Miami Heat’s Entire Starting Lineup Ranked in Sports Illustrated’s Top 100 Players List

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It is widely-regarded that the Miami Heat have one of the top starting fives in the entire NBA.

Sports Illustrated’s annual “Top 100 Players” list has further solidified that belief. Each player of the Heat’s starting lineup was ranked in the top 100 list, with all five players being ranked between the No. 22 and No. 69 spots.

Chris Bosh was the highest-ranking Heat member at No. 22, with Dwyane Wade following at No. 30. Goran Dragic was slotted at No. 42, with Luol Deng at No. 56 and Hassan Whiteside at No. 69.

Bosh dropped down just four spots in comparison to his ranking from last year, while Wade fell 10 spots down after coming in at No. 20 in last year’s list. The ranking of Bosh ahead of Wade is a bit surprising considering the veteran shooting guard averaged more points per game than the power forward (21.5 to 21.1), played in more games (62 to 44) and even shot a higher field goal percentage (47 percent to 46 percent).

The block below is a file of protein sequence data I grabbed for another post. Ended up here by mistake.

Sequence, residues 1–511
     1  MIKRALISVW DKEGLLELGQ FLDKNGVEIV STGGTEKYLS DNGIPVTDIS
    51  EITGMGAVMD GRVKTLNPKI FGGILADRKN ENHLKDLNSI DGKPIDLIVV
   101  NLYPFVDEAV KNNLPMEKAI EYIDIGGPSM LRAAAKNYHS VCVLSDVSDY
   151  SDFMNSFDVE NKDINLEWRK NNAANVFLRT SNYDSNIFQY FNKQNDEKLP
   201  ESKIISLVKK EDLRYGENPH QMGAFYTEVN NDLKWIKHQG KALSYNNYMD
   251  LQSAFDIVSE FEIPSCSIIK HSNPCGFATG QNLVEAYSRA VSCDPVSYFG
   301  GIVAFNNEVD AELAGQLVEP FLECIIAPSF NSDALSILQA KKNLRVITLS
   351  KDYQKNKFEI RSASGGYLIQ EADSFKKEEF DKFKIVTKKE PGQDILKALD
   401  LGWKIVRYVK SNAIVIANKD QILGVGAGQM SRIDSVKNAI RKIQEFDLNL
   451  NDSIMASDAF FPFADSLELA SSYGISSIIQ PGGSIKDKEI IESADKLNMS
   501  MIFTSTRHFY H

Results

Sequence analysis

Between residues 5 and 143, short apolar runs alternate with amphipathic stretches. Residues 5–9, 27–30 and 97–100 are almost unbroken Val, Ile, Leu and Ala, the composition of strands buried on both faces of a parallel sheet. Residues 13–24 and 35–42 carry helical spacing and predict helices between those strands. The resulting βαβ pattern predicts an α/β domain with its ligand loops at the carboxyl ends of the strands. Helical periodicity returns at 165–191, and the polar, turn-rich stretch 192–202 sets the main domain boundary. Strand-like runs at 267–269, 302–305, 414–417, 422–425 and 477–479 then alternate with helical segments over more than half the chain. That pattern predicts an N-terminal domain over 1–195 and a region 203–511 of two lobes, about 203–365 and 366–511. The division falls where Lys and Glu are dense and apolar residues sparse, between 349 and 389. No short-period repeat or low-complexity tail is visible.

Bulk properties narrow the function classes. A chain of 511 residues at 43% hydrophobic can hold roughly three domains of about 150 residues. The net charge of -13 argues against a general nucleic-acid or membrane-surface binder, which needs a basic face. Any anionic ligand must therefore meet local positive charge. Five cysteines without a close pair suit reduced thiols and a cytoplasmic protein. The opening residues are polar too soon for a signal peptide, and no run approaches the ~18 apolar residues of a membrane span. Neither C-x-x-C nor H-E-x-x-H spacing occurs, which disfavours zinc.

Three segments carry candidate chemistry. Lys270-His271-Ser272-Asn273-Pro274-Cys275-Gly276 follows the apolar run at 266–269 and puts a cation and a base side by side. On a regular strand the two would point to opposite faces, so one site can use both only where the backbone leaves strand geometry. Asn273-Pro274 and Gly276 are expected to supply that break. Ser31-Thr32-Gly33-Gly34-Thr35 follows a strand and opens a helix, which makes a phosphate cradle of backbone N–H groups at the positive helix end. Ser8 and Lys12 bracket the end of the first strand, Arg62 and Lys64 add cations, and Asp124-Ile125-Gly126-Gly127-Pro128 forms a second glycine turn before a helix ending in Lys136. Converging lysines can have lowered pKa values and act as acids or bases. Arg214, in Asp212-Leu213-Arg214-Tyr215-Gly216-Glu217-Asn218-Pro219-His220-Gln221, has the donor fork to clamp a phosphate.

Wade was third among all Eastern Conference players in scoring last year. SI had the following to say about No. 3’s play last season:

“With Dwyane Wade comes the inevitability that he will miss some games due to injury and others for the sake of preventative maintenance. His return validates the trouble. Wade is still creating like a star in the downturn of his career, culling 24.3 points and 5.5 assists per 36 minutes from Miami’s glacially paced offense. Not bad at all for a player who seemed to wither near the end of the 2014 Finals.”

It is interesting to note that in regards to Whiteside, he was the only player on the entire list to earn less than $1 million last season. The young center has also played the least amount of career games in the NBA of anyone on the top 100 list.

Heat Nation should get their first peak at the new-look starting five when Miami opens their preseason schedule versus the Charlotte Hornets on October 4.
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D.J. Siddiqi grew up in the heart of South Florida in Broward County. Growing up in South Florida during the late 90's and 2000's, D.J. witnessed the Pat Riley years where the Miami Heat faced off with the New York Knicks all the way to the painful late 2000's seasons where the Heat were a one-man team with Dwyane Wade. D.J. has closely followed the Heat over the past decade-and-a-half, and unfortunately witnessed Game 2 of the 2011 NBA Finals in person when the Dallas Mavericks overcame a 15-point deficit to knock off the Heat. D.J. has writing experience as a columnist with sites such as Bleacher Report and Rant Sports, and he is proud to bring his knowledge of the Heat and the NBA to Heat Nation.